Make sure that they are not over or underfed. Hasty changes in food, whether intake or kind of diet results in a change in how frequently your cat poops.
This may either cause diarrhea or constipation. Take note that food allergies also cause loose bowels.
How Is Your Cat’s Medical Condition?
Your cat’s frequency of bowel movements is largely affected by underlying medical conditions. Inflammatory bowel disease and constipation may be due to different issues like:
- Changes to their diet or food allergies or intolerances
- Worms (intestinal parasites)
- Pancreatic disease
Overweight cats may experience constipation and could poop less often. This is something that the vet should take a look into. A change into a more appropriate nutritional program may be advised.
Is Your Cat Under Any Medication?
Cats’ medication may include side effects like changes in pooping frequency. Always ask the veterinarian of any possible adverse reactions for medications prescribed.
How Is It Like in Your Cat’s Environment?
The environment holds a role that influences your cat’s pooping habits. A tense or unhealthy environment may cause them stress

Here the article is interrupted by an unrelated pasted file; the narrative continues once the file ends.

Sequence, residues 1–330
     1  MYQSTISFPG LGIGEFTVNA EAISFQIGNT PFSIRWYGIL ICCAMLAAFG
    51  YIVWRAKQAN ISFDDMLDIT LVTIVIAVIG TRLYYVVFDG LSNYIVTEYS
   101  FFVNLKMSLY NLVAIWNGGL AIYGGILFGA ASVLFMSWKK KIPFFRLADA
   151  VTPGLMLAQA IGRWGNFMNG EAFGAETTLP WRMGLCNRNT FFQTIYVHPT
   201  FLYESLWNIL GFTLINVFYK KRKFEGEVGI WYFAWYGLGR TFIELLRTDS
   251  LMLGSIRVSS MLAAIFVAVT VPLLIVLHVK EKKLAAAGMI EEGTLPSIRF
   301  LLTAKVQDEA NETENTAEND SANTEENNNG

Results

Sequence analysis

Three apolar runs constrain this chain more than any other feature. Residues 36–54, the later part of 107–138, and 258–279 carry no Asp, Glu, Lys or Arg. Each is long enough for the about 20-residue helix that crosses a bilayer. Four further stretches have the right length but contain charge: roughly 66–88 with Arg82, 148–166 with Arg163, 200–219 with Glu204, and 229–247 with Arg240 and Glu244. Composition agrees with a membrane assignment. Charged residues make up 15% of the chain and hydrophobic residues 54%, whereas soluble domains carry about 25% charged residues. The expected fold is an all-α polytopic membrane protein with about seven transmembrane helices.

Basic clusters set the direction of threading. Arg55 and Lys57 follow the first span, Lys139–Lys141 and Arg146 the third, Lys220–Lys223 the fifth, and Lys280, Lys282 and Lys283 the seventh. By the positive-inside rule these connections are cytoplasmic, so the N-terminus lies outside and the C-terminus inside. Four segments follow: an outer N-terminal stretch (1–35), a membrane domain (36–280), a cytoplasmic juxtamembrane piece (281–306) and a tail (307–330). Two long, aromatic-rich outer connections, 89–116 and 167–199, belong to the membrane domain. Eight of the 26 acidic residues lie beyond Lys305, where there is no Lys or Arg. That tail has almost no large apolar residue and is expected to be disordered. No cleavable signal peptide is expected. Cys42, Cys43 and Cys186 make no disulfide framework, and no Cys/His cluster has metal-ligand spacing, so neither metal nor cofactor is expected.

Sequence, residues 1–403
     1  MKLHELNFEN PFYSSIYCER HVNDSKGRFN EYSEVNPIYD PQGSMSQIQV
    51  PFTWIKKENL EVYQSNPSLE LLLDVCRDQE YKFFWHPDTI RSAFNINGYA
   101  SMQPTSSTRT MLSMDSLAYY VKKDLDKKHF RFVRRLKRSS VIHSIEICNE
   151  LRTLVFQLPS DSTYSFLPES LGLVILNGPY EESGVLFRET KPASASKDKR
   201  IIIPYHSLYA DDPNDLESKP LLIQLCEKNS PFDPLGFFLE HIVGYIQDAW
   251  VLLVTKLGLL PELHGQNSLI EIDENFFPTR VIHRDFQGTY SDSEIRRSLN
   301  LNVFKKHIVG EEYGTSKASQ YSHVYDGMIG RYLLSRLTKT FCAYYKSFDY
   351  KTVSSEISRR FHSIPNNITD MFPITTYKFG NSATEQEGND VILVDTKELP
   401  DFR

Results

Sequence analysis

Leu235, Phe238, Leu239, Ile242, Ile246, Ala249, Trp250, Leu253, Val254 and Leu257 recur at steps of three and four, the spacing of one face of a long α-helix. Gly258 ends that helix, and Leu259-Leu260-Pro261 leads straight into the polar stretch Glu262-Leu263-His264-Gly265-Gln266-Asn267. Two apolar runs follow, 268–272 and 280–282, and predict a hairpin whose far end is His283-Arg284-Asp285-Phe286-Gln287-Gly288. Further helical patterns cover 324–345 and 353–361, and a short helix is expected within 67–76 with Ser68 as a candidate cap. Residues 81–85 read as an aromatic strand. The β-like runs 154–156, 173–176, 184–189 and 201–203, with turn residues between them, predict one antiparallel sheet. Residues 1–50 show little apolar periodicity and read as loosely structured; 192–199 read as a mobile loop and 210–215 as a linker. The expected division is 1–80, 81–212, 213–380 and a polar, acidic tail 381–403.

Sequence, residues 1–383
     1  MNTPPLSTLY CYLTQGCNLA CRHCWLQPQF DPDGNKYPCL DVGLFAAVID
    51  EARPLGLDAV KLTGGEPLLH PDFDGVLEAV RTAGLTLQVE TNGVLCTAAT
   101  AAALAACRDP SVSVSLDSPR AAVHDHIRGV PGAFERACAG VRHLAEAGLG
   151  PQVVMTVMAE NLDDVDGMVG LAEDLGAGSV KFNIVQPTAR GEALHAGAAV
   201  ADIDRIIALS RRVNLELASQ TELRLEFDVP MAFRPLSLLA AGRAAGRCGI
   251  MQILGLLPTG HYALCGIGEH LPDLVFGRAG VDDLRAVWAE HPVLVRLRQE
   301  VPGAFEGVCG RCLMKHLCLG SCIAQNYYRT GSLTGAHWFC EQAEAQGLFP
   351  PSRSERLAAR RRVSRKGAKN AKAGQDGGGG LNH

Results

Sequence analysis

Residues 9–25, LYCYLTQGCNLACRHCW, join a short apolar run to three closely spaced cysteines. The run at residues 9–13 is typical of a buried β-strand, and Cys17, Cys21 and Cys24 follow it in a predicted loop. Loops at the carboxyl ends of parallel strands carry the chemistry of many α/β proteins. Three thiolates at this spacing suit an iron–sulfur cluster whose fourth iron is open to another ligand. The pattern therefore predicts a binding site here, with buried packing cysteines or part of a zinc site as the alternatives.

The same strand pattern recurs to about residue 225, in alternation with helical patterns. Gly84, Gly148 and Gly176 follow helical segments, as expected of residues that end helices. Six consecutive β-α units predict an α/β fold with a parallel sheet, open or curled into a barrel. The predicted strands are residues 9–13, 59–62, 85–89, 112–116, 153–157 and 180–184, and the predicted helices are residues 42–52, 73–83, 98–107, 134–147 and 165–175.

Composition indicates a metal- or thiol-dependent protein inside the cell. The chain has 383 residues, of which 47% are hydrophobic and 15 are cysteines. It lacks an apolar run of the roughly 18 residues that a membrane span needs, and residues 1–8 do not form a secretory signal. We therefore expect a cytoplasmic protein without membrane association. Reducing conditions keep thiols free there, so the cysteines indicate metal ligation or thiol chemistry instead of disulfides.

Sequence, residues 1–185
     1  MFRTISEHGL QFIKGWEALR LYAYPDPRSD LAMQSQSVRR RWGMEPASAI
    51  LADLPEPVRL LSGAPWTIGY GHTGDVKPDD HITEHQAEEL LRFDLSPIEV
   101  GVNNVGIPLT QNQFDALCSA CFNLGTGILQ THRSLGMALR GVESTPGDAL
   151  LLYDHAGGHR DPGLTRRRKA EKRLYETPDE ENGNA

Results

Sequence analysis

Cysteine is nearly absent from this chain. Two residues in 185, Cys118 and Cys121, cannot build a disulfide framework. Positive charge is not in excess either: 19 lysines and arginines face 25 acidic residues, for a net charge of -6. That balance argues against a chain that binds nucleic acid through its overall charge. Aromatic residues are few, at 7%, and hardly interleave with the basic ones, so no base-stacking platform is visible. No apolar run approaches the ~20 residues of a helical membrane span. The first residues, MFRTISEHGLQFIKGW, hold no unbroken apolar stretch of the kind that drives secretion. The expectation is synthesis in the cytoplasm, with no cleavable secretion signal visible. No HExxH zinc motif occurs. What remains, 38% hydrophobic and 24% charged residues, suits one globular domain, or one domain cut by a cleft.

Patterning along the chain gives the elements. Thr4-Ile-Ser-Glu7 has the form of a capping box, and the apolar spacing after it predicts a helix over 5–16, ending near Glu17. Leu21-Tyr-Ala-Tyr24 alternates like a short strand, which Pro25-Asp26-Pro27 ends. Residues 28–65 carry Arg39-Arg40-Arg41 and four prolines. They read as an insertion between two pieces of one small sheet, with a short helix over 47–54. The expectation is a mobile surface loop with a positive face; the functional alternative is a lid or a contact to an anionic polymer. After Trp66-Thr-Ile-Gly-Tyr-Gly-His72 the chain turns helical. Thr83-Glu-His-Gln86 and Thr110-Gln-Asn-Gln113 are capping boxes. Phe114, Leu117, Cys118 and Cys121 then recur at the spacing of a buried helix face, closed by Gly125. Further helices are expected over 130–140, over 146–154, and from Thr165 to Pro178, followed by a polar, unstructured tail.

Stress causes so much in cats. This includes them containing their bowel movement just to avoid being near anything that displeases them.
Another thing you don’t want to happen is your cats eliminating outside of the litter box because of social stress. Not a lot are fans of cleaning up after poops. I don’t think anyone is.
Cat Poop – When & When Not To Worry
As discussed above, a cat’s bowel movement varies as he grows older. Here’s giving you a breakdown of the cat’s stages of life and when and not to worry.
Veterinarians would always refer to kittens as eating and pooping machines. Because they are.
Kittens are in the process of forming their digestive system and the foundation of their health.
They will feed on their mother’s milk as frequently as they can or eat kitten food. And, defecate as many times as necessary.
However, just because they are too small and that they are known to eat and take the bathroom so much, doesn’t mean you should disregard their bowel movement.
Worry Not: If they miss a day in the cat litter box. If she doesn’t poop in a day, keep an eye on her. If constipation lasts for more than a day, a call to the vet may be necessary
Worry If: They show signs of diarrhea. Call your vet right away. Diarrhea in kittens is always a big concern since their small bodies make them at risk of dehydration. Do not wait until they become dangerously ill.
Most pooping issues with adult cats are brought by a transition from old to a new diet.
Whether they are changing their food due to allergy or other reasons, the process includes their digestive system to adjust to the new food, resulting to change in frequency and consistency of poop.
Worry Not: if your vet concludes they are not serious. Constipation in old cats is most often caused by a hairball.
You may either use a hairball ointment to treat constipation or change the diet to one that can act as a stool softener.